Thursday, January 17, 2013

Movement vs. 'Containment' with Babies & Toddlers

My blogger friend, Jen of Mama.Papa.Bubba, posted a video on Facebook yesterday that I found really interesting, talking about the Montessori perspective on a critical period in children's development, particularly pertaining to movement. Here's the video--it's quite interesting & only six & a half minutes long:

This video brought up some really interesting questions for me. Virginia Varga talks about avoiding constraining babies so that they can work on their motor skills. I definitely agree that we should avoid having babies in various containers too much (stroller, car seat, chair, swing) rather than being held. I also remember when Sprout was really little, I was encouraged by the public health nurse not to let him lie on his back on the floor all the time because he'd get a flat head. But he hated being on his tummy & couldn't sit up yet, so my compromise was strapping him in a baby seat/rocker thing or a swing. I wonder if that had any impact on him starting to walk at 17 months.

I'm not really second-guessing my decisions because, of course, temperament is a factor. Sprout's a physically cautious child, generally. He tends to wait until he knows how to do something, rather than just diving in & attempting it before he's ready to do it well. When he did start walking, he was quite steady on his feet--none of the toddling you tend to see with babies under a year who start walking.

The other thing I found interesting in the video is the idea of not constraining children during sleep: having a low bed near the floor so they can get up & be somewhat independent. We just took the front off Sprout's crib recently so he can do this. I see a little of the learned helplessness in him some mornings when he wakes up really early & just calls to us, rather than getting out & coming into our room. After being in a crib for two & a half years, he hasn't figured out that he can just come to us when he wakes up & needs a cuddle. He has, however realized that he can just get out when he doesn't feel like going to bed at night.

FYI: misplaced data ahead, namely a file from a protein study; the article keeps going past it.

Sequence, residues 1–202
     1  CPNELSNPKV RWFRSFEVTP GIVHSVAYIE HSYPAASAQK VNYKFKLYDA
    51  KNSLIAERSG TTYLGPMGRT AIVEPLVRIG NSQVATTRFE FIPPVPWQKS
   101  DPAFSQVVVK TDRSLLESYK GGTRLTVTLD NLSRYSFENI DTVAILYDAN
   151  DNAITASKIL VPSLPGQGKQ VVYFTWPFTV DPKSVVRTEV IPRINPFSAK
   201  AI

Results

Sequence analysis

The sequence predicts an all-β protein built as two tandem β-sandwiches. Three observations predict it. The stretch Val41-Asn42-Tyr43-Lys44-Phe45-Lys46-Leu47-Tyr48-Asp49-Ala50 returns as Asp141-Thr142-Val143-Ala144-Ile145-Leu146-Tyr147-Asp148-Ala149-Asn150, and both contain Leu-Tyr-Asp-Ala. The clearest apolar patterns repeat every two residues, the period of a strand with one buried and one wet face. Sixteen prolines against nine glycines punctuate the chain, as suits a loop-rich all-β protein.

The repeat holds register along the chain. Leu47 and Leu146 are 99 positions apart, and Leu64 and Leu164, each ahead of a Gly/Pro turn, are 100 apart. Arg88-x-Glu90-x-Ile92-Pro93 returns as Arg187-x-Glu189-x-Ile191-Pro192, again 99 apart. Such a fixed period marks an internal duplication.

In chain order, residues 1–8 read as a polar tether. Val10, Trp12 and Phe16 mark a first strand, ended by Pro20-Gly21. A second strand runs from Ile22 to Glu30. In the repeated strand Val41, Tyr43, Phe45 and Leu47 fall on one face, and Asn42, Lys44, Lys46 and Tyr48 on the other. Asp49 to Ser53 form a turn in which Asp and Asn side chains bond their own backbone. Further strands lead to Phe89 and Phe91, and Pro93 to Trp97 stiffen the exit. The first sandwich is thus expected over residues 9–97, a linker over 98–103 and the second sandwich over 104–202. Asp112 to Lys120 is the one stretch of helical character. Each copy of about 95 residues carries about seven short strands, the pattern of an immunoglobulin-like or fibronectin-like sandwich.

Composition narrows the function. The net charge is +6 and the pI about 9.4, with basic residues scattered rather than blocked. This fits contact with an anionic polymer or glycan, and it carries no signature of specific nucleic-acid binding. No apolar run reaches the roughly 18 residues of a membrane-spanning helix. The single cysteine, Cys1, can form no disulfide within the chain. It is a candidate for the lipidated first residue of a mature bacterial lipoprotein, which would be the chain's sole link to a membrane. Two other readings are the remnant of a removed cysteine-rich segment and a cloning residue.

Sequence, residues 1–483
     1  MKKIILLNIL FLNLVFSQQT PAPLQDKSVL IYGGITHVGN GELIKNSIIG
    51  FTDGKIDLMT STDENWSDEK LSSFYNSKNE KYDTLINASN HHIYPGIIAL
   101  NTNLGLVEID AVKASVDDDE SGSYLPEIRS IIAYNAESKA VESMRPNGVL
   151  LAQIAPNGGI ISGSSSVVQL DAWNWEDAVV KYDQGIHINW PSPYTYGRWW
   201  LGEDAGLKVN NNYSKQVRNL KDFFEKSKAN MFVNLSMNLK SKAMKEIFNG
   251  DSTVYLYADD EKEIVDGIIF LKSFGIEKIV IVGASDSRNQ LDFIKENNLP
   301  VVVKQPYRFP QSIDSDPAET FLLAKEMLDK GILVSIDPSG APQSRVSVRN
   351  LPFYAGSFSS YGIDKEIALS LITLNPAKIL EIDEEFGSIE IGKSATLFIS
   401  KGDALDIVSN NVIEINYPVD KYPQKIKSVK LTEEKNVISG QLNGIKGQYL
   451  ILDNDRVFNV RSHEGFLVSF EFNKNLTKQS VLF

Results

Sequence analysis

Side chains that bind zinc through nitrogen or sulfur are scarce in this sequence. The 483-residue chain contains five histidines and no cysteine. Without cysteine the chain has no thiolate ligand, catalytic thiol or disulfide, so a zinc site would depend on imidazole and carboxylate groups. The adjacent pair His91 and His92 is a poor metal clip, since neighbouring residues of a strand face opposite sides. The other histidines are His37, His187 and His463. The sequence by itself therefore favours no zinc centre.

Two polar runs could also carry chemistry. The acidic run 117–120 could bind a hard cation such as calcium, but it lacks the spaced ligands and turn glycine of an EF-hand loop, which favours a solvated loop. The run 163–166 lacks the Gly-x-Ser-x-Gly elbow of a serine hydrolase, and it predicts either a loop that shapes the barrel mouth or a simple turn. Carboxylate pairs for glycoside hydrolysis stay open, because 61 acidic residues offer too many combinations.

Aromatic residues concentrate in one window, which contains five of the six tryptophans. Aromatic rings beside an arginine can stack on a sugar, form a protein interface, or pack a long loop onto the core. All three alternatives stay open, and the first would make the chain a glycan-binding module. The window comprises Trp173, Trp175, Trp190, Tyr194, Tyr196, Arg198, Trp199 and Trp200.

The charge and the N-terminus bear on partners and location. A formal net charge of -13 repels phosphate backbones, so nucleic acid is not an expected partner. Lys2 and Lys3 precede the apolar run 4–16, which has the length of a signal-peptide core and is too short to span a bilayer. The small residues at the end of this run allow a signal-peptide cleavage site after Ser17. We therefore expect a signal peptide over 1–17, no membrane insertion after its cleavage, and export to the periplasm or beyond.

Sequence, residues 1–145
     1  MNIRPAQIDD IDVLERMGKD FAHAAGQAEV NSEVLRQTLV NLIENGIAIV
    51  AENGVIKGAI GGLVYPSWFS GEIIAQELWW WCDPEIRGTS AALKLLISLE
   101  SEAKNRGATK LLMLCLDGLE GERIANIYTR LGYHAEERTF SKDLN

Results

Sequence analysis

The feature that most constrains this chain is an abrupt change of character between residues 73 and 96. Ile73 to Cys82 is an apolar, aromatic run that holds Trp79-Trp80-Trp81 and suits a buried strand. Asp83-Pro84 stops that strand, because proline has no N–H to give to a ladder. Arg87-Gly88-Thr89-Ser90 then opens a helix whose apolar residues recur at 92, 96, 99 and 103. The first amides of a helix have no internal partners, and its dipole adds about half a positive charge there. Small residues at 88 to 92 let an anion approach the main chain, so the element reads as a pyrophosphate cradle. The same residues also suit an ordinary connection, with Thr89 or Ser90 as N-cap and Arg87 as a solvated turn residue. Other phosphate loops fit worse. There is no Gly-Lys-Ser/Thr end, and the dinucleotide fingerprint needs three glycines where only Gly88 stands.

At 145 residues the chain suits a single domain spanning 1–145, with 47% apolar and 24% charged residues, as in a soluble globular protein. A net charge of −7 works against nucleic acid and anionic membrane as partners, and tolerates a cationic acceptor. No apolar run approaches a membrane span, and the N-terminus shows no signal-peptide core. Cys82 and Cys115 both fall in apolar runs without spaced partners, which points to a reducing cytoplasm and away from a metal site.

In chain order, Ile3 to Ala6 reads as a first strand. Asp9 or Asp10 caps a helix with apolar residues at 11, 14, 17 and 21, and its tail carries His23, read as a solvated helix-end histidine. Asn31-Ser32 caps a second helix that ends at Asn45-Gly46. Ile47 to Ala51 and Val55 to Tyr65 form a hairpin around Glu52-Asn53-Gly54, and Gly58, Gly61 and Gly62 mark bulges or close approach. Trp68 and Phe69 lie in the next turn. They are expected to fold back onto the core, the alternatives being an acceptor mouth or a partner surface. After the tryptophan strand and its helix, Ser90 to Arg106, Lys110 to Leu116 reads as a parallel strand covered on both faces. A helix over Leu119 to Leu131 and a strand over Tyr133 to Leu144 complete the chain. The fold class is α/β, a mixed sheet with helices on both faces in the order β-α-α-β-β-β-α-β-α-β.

One argument for having children in a crib is so they don't get out & get into trouble in the middle of the night. Also, I'd say it's essential to have a safe place to put a baby or toddler when you're home alone with your child & you need a break or a shower or whatever. What do you do with your one-year-old when you need to take a shower or run downstairs to do the laundry if you have no safe form of containment? I was never organized enough to schedule all those things into naptime.

If you watched the video, what did you think? Do you think the decisions you made in terms of 'containing' your child made a difference in their development, or do you think temperament has more to do with it? I'd love to hear your thoughts in the comments section... 

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  1. Apparently, you have a spam problem on this site, and its name is Anonymous.

    Seriously, though, I don't think the video you mentioned embedded in this page, so I can't watch it...or comment! :-)

    1. Yeah, those spammers used to just hit my older posts, which is why I put the annoying comment moderation on week-old posts. Then they got sneakier & I had to move it up to three-day-old posts. Now I have to check daily to make sure they didn't hit my latest post. DELETE!

      Also, thanks for the heads up on the video. I'm not sure what happened there, but the code wasn't even there when I checked the HTML. Should be all fixed now. Let me know what you think if you've still got time today. :)


Thanks for commenting! (I've had to enable comment moderation on older posts to thwart spammers, so your post may not appear right away.)


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